National Geographic Channel is definitely putting on a show for the television critics, setting out cool swag - very handy rolling backpacks. And enough press packets to go around. (Thank you, Nat. Geo.!)
To unveil their first annual Expedition Week - seven nights and seven premieres, starting November 16 - the channel organized a panel that included Buzz Aldrin (Apollo 11 astronaut and second man to set foot on the moon) .
In HD, National Geographic’s Expedition Week will take viewers into the Amazon to look for lost cities, on underwater dives to an untouched Caribbean shipwreck, into the Egyptian desert to hunt for clues to Alexander the Great’s lost tomb, and even over the moon - literally - via high def footage from the Japanese lunar orbiter Kaguya.
World’s Toughest Fixes goes inside some of the most daunting repair jobs imaginable. The ten-part series debuts on September 28. It’s the high tech, brawny engineering answer to Discovery’s Dangerous Catch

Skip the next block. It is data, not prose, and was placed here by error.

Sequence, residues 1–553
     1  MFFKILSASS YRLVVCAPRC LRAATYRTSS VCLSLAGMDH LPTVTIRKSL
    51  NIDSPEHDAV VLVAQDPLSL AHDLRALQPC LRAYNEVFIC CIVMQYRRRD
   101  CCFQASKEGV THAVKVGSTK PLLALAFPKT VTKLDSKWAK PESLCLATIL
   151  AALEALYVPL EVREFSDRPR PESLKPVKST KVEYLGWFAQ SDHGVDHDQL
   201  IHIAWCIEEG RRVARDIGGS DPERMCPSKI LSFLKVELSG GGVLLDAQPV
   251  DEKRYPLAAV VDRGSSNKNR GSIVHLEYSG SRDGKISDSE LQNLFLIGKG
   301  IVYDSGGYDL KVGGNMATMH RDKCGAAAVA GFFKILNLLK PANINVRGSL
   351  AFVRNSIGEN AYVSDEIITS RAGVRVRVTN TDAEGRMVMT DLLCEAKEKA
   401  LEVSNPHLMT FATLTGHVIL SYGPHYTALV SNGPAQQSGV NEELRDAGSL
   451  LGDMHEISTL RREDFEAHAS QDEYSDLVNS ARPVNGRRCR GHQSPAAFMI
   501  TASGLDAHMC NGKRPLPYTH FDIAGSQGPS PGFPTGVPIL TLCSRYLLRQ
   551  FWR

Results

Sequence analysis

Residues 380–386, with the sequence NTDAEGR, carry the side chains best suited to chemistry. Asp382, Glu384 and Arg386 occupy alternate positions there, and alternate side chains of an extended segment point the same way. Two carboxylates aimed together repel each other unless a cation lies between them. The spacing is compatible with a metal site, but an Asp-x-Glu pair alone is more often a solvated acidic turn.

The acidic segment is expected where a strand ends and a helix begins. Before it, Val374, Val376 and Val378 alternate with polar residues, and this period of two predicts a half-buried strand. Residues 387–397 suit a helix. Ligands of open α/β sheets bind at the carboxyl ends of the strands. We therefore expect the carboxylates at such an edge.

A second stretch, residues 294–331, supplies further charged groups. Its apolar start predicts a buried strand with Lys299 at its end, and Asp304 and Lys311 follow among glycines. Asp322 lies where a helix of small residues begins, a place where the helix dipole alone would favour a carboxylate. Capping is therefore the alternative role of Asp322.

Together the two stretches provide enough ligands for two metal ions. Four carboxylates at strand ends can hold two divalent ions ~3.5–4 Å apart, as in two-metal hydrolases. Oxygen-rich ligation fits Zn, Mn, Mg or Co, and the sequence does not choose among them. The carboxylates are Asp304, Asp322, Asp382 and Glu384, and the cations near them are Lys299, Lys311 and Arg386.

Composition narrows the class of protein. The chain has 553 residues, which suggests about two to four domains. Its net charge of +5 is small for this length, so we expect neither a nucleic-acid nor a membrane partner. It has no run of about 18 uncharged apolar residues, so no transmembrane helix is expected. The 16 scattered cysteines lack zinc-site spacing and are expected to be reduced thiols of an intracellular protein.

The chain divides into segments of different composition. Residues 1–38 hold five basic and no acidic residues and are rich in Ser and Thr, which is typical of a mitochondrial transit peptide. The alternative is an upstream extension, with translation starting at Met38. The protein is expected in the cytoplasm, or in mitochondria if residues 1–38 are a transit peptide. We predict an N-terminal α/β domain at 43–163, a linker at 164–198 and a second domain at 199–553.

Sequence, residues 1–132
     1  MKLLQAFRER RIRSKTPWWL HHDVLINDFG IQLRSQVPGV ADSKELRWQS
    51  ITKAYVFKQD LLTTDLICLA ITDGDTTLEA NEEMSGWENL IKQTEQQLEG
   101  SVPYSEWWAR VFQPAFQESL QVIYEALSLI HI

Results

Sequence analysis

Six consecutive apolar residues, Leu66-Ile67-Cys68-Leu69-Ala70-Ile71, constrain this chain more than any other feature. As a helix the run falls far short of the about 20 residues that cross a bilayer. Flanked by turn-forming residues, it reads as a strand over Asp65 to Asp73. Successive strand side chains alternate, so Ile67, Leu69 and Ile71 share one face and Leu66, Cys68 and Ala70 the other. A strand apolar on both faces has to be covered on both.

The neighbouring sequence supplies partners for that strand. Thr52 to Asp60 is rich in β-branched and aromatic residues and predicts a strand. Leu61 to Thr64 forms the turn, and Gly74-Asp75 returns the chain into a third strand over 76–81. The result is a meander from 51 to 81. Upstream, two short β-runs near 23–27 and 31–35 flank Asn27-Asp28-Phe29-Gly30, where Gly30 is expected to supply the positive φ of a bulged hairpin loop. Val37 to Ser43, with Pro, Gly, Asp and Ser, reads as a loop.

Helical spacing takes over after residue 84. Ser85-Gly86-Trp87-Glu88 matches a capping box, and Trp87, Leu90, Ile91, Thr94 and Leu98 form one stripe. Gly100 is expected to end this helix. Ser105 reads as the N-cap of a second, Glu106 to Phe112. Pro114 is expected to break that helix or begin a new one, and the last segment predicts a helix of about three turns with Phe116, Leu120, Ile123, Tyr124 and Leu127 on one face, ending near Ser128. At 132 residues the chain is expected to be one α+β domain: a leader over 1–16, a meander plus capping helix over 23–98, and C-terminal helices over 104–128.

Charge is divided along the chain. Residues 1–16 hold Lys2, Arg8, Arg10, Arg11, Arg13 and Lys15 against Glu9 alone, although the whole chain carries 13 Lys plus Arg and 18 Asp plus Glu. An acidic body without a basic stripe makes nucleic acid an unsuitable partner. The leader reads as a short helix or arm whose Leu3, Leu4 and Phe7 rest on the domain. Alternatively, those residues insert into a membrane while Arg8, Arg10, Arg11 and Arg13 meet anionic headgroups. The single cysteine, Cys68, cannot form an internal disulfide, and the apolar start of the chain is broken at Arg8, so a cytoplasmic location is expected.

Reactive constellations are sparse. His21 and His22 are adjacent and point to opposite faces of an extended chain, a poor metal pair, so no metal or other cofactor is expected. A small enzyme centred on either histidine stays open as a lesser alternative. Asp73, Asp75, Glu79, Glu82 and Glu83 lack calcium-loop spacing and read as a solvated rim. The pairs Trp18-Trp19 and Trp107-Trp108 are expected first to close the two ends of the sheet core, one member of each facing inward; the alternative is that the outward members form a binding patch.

Sean Riley, a scarlet-haired master rigger and suspension expert, hosts. Riley and his crew tackle some mighty big projects every week, often in dangerous conditions.
These type of jobs are euphemistically called "high consequence" environments. In one hair-raising shot, Riley is seen hanging off a helicopter to repair high voltage lines - and I mean high, like half a million volts.
Other projects featured in the series: the repair of a rupture in a jetliner’s pressure dome and the replacement of a nuclear power plant turbine.
And finally, not for the faint of heart: Solo: Lost At Sea is the harrowing video diary of extreme kayaker Andrew McAuley’s final voyage. His journey ends badly and the footage is both wrenching and compelling.
McAuley’s body was never found, but the video diaries were retrieved from his upside down kayak. It’s a moving testament to the 39-year-old McAuley who set out to be the first person to kayak solo across the 1,000 treacherous miles from Australia to New Zealand.
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